Portions of historic homesteads and ranches still remain at Soapstone today. There’s a deteriorating foundation of an old schoolhouse that sits near Soapstone Springs, and the Pronghorn Loop trail takes you right next to the Upper Jack Springs Camp – a small, faded red corrugated metal single-room building that contains a wooden table and wooden chair, and looks to have been inhabited during the Warren Livestock era.
The City of Fort Collins Natural Areas often has historical education programs out at Soapstone to help people learn more about the early settlers and ancient Lindenmeier inhabitants.
While generally thought of as a dry and barren landscape, wildflowers speckle the prairie all season long. The earliest flowers of the bloom season start in these lower, warmer areas. It’s one of the best places to get your flower fix before they bloom in the subalpine areas.
When it comes to rare finds, Soapstone Prairie is home to the Colorado butterfly plant, a federally listed Threatened species under the Endangered Species Act since 2000. This subspecies is among the most threatened plants in the state of Colorado. The Colorado butterfly plant is a short-lived perennial herb found only in southeastern Wyoming, western Nebraska, and northeastern Colorado. On Soapstone Prairie, the Colorado butterfly plant occurs in wet meadows in the northeastern portion of the area. This population is considered in very good condition; in 2006, more than 11,000 blooming plants were found occupying 650 acres.
The Rocky Mountain blazing star another interesting wildflower to find. It is a common species across its range, but based on currently known distribution, it appears to be quite rare in Colorado. Only 11 occurrences have been documented in the state, and most of those records provide only very general information. Only five occurrences have been seen since the early 1900s – all on publicly owned land along the Front Range.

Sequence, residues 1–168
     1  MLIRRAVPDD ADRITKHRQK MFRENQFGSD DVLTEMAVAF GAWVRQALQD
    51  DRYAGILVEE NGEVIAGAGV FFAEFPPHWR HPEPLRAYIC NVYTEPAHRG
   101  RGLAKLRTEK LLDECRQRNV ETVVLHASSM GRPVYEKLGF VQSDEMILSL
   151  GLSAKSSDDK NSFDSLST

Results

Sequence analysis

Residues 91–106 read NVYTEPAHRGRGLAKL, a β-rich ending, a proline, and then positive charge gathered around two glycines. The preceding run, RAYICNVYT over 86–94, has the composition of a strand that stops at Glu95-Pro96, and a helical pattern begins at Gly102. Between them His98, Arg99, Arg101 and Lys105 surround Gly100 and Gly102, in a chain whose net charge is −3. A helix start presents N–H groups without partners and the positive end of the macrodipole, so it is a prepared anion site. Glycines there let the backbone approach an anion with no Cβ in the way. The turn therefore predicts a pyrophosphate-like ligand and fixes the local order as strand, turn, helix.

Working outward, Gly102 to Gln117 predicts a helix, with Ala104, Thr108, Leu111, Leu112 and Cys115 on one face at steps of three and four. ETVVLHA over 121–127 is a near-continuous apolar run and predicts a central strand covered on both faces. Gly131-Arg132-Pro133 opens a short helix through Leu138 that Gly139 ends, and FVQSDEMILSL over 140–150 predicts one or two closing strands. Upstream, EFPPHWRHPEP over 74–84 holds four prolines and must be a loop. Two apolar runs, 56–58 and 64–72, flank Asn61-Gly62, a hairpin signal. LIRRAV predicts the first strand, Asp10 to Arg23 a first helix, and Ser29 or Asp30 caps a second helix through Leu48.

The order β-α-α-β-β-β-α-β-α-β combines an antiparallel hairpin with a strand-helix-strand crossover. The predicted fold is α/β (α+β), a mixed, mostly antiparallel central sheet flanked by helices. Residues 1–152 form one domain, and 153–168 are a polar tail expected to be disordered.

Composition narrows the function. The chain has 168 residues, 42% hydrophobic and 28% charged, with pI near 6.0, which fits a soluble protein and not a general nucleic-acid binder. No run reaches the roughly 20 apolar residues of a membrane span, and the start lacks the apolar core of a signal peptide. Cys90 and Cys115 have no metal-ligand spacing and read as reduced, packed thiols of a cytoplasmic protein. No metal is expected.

Pronghorn are easily spotted throughout the surrounding prairie and may be the most easily seen evidence of wildlife at Soapstone. Mule deer, elk, swift fox, black-tailed prairie dog, golden eagle, ferruginous hawk, burrowing owl, and a large variety of prairie birds also inhabit the Natural Area. This is also prime rattlesnake habitat, and you may see some sunning on the trails or rattling in vegetation. Keep your eyes peeled because they camouflage well!
In 2014 the Black Footed Ferret was reintroduced into Soapstone Prairie. The Black-Footed Ferret used to run around these parts until they were thought to be extinct from poisoning and hunting. In fact, they were the most endangered mammal in North America when in 1981, 18 Black-Footed Ferrets were found near Meeteetse, Wyoming and conservation efforts began.
Thanks to the reintroduction program in Northern Colorado, 15 reintroduced Black-Footed Ferrets went into in prairie dog colonies (their natural food source) at Soapstone. This was a big deal, and a historic moment for wildlife conservationists and outdoor enthusiasts alike. As they are nocturnal hunters, you may not ever see them running around the Natural Area, but the Natural Areas department does have educational programs throughout the summer to help with spotting.